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July 5, 2024
How To Make Change
Photo by Daniel Rader

I had a stressful week and was really hoping to see a lighthearted play, certainly not one about politics. However, “N/A,” the new play by Mario Correa, was next in the queue. Correa comes to the theater with a background in politics having been a longtime aide to Congresswoman Constance A. Morella.

For his subjects, he chose two distinctive female politicians, both influential Democrats but generationally and philosophically apart. He explains that it was his intent to depict a ‘battle of ideas’ not a disagreement between the two women. He wants to show how their different philosophies put them at odds.

Despite Correa’s Playwright’s Note in The Playbill, the audience expects to see an encounter between Nancy Pelosi (played with confidence, wit and intelligence by Holland Taylor) and Alexandria Ocasio-Cortez, familiarly known as AOC (portrayed by Ana Villafane with energy, liveliness and rapidfire speed).

I steeled myself for heavy political dialogue but was pleasantly surprised by how much humor there is in “N/A.” N has most of the amusing lines and Taylor delivers them with assurance. The senior stateswoman has been in politics for many years and understands what it took for women to be in the House. When she first was elected, there were few women and no women’s bathrooms. When she speaks, it is with the cockiness of experience. A is always earnest and serious. Her dialogue is delivered quickly and passionately.

Although their goals and aims are the same, the women are divided. N sees herself as the teacher whereas A feels that the older woman has become part of the machine.

Most of the audience at the matinee I attended was older and I wonder if the humor, delivered by N, worked so successfully because the audience identified more with her, especially when she referred to her children. At one point, she is on the phone with a grandchild explaining why it’s okay for the Eleanor Roosevelt Barbie to be too tall for Barbie’s car. She would have been driven. Who else would buy a grandchild an Eleanor Roosevelt Barbie?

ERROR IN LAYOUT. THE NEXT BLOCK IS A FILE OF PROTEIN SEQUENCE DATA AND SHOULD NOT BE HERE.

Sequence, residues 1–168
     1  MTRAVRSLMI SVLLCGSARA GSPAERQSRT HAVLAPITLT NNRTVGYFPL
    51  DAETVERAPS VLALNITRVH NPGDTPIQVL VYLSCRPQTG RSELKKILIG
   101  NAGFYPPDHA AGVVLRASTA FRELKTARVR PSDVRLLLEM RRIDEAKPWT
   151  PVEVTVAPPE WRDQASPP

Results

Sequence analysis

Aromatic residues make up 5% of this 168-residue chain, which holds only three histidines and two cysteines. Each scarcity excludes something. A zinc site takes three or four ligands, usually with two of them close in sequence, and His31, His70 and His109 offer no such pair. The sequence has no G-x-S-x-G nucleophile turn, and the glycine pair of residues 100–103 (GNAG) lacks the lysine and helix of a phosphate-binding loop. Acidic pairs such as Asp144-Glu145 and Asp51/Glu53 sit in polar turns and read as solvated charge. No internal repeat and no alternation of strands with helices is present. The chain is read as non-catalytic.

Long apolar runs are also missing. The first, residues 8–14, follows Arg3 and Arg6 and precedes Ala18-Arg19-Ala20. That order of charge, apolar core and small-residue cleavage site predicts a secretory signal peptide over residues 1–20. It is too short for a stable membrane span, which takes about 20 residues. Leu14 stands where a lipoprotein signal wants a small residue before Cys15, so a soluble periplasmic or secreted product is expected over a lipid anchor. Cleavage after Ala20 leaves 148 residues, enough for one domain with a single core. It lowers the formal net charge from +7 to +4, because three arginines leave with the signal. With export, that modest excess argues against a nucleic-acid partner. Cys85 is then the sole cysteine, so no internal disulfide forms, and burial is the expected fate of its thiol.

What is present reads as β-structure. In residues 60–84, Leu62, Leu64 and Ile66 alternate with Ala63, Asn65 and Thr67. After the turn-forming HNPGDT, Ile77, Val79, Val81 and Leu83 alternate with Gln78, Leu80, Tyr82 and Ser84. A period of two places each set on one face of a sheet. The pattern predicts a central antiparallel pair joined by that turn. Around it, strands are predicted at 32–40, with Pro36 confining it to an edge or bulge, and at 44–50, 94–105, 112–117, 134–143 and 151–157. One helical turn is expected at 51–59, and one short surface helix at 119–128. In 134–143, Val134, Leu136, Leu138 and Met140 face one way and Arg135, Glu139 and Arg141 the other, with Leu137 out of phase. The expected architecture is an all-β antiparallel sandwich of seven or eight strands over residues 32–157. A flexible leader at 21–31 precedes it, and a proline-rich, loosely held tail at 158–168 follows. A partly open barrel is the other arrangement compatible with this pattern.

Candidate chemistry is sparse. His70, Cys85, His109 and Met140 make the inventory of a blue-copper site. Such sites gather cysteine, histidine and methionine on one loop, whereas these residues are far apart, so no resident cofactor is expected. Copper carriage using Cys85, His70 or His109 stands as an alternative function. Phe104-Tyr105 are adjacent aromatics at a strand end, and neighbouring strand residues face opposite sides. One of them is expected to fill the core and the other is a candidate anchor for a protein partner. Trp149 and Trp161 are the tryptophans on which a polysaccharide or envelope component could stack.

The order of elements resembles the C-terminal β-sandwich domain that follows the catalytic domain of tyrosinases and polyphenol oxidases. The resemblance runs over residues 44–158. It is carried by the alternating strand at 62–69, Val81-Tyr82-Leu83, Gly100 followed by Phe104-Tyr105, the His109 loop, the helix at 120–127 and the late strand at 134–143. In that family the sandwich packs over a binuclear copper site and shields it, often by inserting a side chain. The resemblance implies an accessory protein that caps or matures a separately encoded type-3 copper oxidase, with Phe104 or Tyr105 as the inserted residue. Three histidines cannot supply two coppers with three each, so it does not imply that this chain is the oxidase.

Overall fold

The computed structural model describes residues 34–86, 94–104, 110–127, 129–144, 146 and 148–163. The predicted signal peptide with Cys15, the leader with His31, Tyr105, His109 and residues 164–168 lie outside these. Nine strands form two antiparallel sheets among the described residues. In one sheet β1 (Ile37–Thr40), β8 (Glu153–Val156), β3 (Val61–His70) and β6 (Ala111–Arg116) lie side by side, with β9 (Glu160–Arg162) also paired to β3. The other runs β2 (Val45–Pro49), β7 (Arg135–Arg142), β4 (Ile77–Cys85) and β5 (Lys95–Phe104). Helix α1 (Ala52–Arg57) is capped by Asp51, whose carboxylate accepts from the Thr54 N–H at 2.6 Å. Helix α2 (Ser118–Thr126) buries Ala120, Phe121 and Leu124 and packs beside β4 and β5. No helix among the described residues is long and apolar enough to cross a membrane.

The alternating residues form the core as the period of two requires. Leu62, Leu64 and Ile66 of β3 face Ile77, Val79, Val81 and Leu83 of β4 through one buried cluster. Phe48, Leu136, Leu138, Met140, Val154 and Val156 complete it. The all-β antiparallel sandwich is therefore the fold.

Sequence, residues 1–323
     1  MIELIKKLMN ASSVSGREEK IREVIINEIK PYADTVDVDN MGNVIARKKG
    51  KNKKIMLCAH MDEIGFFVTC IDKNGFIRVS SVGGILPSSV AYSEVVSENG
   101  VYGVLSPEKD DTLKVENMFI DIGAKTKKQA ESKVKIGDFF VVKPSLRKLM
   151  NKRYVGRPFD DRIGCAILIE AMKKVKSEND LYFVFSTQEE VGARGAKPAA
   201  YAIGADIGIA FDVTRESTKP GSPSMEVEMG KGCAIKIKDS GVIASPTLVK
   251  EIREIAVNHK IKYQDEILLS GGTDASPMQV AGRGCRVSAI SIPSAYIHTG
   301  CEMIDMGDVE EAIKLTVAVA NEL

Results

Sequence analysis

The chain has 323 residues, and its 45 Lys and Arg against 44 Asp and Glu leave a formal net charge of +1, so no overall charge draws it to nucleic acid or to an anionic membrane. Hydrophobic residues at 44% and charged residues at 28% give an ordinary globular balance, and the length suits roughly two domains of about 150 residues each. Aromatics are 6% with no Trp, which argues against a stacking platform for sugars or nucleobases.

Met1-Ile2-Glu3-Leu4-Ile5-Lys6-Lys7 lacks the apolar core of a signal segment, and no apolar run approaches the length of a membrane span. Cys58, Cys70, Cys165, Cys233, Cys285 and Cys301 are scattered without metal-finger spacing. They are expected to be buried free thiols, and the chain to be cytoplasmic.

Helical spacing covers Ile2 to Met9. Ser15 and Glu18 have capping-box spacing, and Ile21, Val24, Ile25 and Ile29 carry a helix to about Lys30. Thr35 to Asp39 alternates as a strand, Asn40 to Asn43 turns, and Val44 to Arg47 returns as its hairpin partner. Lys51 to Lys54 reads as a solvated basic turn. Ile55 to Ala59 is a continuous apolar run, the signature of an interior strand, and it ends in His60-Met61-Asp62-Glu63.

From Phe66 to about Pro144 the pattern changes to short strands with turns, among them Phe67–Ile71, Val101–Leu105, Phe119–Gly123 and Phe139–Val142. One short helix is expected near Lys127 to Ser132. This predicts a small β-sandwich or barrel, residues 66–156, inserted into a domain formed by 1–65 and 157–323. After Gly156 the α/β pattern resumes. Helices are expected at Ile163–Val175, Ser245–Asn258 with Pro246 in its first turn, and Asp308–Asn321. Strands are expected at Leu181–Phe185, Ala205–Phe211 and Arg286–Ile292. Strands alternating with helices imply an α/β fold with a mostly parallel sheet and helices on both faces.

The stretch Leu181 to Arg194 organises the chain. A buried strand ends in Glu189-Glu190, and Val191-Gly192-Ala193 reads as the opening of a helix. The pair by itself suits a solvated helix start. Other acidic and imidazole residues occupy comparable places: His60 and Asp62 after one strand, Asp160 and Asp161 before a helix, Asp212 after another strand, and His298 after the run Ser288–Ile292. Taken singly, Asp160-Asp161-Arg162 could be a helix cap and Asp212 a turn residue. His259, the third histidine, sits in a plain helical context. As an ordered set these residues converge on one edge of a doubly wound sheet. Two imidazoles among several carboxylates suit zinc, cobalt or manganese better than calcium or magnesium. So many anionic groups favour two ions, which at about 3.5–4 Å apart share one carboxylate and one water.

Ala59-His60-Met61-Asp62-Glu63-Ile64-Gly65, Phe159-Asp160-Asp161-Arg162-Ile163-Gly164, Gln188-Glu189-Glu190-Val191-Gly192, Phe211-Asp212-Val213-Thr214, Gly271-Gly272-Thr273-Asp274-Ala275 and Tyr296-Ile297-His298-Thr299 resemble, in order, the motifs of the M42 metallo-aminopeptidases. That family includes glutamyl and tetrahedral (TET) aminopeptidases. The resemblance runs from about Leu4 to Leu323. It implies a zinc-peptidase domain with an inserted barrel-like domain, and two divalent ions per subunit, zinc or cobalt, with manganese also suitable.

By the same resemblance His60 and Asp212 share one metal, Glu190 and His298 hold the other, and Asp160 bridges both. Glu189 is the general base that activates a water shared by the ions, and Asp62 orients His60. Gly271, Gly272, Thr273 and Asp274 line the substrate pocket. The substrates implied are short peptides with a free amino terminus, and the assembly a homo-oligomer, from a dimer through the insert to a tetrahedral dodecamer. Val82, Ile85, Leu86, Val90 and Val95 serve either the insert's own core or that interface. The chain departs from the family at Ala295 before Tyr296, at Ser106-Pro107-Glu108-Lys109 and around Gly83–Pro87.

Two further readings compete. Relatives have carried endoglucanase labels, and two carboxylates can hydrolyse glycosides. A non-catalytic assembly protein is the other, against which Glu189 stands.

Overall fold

Deftly directed by Diane Paulus, the pacing illustrates the age difference between the two representatives. N tries to explain the way politics works while A wants immediate action and change. The show is reminiscent of the new musical “Suffs” that tells of women struggling to get the vote, even willing to go to jail and stage a hunger strike. Alice Paul, portrayed by Shaina Taub is the young impatient one while Jen Collella is the "old guard" of suffrage, Carrie Chapman. who feels they must be patient and work through the system.

The play, a special event at Lincoln Center’s Mitzi Newhouse Theater, runs a swift 90 minutes.There are several scenes, most of which occur in N’s office with transparent-lucite furnishings (Scenic & costume design by Myung Hee Cho).

“N/A” is another illustration of the divisiveness in politics today: not only between Democrats and Republicans, and men and women but also novice and experienced. Even though the goals may be the same, the methods vary widely and this show reminds us why.

Lincoln Center
Mitzi Newhouse Theater
150 West 65Th
New York NY

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Written by: Elyse Trevers
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